Brixton Market in a Bowl
Around 2010-2011, like many of you, I made the trip down to Brixton to see what was going on. At the time I was fresh out of university and regretted spending so long away from the city, so I went into overcompensation mode trying to learn as much about London as I possibly could. Being a North London boy, Brixton for me was unknown territory. I was lured down by the promise of food: a new pizza parlour called Franco Manca, a rare Mexican joint called Casa Morita. I was doing some work for Yianni who would eventually open Meatliquor and I was recommended by him to go check out this new place called Honest Burgers in Granville Arcade. And there was so much more than this: small not-quite-restaurants everywhere with open kitchens, all in one place. London hadn’t seen anything like this before - it was, for that moment, easily the single most exciting food venture happening in the city.
I look on that era with a mixture of nostalgia and regret. Jay Rayner wrote at the time “Eventually, of course, the bitching will start – it always does with London food ventures. Some will complain that the soul of the market has gone, others that it has become closed off to locals. There may be rows between landlords and tenants. But for now it's thrilling and bringing lots of people to Brixton who might otherwise not think of coming here. That has to be a good thing.”. I thought that at the time too. In fact my friend Queelim was papped eating at Kaosarn for an article on gentrification and he often jokes he literally became ‘the face of gentrification in Brixton’. But I wonder if it was such a good thing in the end. While the markets have broadly stayed the same, around it there has been a proliferation of mediocre street food businesses disguised as social ventures, as explained by Ruby Lott Lavigna in her article on Pop Brixton, that pretend to benefit locals but do no such thing. Meanwhile, some of the older Brixton disappears: the loss of the Colombian butchers and arepa stand on Pope’s Road (demolished by Mike Ashley for a Sports Direct) is something that cuts me deeply to this day, as well the disappearance of the Guyana Roti Van run by Aunty Maureen. Along with El Rancho de Lalo they were arguably the best food businesses in the area, and predate the regeneration ─ by focusing solely on the new we did Brixton a disservice.
Which brings us very neatly on to Nanban. Now Nanban isn’t in the market proper but is one of the newcomers. It’s also a ramen joint. Ramen is another of my bugbears because it’s often done not well here at all, or it’s a slavish imitation of something someone once tried in Japan. Nanban is neither of those things. What’s always interested me about Nanban is that it seems to me how ramen should be: adaptable to its surroundings, willing to soak up the influences of its community or city. Tim Anderson, who owns Nanban, knows this and instead of trying to recreate Japan has instead put Brixton Market in a bowl. The soul of Brixton is not the restaurants, it is still the shops who supply them and provide all the communities that make up Brixton - Caribbean, West African, Latin American, white people who can’t afford East Dulwich - with their food. Tim has written the following piece for Vittles which is part recipe for my favourite Nanban dish and part guide to Brixton Market, a market which is still providing the definition of ‘essential work’ while this crisis is going on. If you live in Brixton, then do try to add these shops to your rounds, and if you don’t, well, you almost certainly have your own version somewhere near you.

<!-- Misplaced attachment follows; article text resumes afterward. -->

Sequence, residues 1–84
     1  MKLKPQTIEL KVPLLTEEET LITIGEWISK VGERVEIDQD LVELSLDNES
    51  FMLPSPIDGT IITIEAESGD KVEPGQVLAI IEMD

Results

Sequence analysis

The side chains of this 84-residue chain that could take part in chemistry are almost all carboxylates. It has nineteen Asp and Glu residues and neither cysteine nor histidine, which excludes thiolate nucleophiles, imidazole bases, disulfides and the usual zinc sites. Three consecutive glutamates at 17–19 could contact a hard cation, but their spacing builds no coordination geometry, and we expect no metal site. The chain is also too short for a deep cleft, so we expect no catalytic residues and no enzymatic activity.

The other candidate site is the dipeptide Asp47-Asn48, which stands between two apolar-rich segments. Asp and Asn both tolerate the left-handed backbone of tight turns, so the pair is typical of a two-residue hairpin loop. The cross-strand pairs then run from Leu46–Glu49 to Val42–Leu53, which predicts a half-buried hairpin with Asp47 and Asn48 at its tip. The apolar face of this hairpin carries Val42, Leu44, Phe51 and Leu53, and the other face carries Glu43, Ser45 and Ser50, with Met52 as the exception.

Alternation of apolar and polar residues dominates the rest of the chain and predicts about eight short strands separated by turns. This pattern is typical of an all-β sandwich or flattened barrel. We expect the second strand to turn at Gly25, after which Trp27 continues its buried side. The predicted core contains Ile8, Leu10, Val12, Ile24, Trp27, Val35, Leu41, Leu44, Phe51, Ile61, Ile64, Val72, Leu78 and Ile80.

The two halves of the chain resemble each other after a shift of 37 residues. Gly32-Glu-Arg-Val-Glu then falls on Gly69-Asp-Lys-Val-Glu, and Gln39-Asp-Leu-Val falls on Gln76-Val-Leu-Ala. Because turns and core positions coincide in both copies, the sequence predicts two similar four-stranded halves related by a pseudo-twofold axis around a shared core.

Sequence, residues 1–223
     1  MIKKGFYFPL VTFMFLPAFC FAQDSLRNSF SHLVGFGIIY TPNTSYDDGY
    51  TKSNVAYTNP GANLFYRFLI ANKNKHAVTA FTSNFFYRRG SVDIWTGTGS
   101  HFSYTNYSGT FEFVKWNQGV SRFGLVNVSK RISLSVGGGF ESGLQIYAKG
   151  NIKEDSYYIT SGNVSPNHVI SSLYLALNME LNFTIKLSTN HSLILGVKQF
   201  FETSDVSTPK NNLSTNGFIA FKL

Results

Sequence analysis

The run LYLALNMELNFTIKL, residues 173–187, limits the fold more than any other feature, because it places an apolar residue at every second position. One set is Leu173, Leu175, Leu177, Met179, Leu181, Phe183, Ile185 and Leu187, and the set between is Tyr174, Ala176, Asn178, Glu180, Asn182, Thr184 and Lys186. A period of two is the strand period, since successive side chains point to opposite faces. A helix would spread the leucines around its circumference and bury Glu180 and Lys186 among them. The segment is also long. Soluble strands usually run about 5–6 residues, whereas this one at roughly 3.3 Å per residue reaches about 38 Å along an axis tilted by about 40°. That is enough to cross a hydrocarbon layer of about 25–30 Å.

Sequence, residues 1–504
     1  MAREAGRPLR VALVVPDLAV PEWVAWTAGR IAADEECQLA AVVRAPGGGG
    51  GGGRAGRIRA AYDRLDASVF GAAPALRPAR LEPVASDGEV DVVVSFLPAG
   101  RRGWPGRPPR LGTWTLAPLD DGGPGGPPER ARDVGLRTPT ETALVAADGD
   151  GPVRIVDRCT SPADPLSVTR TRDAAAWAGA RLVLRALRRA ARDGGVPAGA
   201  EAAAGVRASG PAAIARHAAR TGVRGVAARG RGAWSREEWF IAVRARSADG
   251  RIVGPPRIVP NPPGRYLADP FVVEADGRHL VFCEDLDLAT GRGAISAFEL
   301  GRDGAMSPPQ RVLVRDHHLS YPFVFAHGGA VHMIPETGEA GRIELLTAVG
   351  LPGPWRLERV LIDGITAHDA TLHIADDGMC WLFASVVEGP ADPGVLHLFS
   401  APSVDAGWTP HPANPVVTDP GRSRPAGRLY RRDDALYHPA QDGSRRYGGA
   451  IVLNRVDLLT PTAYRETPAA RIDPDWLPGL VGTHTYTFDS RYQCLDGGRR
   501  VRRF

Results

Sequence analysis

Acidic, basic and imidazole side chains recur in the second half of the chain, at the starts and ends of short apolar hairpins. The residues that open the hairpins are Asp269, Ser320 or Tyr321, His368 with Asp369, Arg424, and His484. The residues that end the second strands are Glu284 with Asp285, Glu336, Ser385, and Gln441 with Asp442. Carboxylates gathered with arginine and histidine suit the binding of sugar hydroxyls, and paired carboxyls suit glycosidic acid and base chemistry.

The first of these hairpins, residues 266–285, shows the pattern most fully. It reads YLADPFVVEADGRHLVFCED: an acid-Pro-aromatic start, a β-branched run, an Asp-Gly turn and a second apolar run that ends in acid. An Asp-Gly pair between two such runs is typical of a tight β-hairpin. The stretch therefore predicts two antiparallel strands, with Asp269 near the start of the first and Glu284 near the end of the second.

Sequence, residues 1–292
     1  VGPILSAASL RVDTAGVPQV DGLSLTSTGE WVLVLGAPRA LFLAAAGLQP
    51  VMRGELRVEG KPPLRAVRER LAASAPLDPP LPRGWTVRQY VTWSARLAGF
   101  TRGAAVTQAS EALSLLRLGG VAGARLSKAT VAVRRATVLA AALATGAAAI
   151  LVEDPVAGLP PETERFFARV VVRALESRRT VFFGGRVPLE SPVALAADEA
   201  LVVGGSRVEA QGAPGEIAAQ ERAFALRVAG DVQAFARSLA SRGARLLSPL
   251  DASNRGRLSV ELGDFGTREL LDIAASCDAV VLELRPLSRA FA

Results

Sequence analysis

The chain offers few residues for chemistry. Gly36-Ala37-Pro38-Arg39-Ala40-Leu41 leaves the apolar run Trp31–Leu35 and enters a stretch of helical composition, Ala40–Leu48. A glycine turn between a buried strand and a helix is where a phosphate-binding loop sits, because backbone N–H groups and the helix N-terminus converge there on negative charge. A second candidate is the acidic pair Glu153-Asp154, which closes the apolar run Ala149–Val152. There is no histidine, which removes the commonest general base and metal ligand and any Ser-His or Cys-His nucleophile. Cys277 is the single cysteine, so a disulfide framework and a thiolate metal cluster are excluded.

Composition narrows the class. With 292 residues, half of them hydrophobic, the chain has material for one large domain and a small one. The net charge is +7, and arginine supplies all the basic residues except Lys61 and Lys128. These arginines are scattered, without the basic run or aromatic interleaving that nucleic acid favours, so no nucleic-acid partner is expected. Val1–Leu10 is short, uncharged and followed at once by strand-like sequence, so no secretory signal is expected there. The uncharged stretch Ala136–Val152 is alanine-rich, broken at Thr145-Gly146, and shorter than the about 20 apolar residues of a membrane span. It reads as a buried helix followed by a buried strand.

Brixton Market in a Bowl
Brixton Market is known for its African and Caribbean food, but it’s so much more than that. I’m struggling to think of any region in the world that doesn’t have at least a few of their staples represented there – everything from Iranian pistachios to Portuguese linguiça to Brazilian pão de queijo mix. (You can even get a good dark Scandinavian rye from Brixton Wholefoods.) The range of products available in Brixton Market is so vast it’s actually hard to write a shopping guide without some kind of framework to narrow it all down, so this guide is structured around the recipe for our signature dish at Nanban, the ‘Lazy Goat Ragù-Men.’ This dish is a good example of the interactive ethos that’s informed so much of what we do: our chefs, our customers, and of course Brixton Market itself have all helped shape it. It started off as a version of a Jamaican curry goat recipe, until our sous chef at the time rejigged the masala, modeling it on his Sri Lankan mother’s mutton curry. A former manager suggested we change the name to ‘lazy goat’ because it no longer really resembled a traditional Caribbean curry goat, and to emphasise how soft and tender the meat was. I came up with ‘ragù-men’ to signal that it wasn’t a typical ramen, with something more like a meat sauce rather than a broth, but it wasn’t really a mazemen either. It’s like the whole of Brixton Market in one bowl, and I think it is probably the best thing we serve.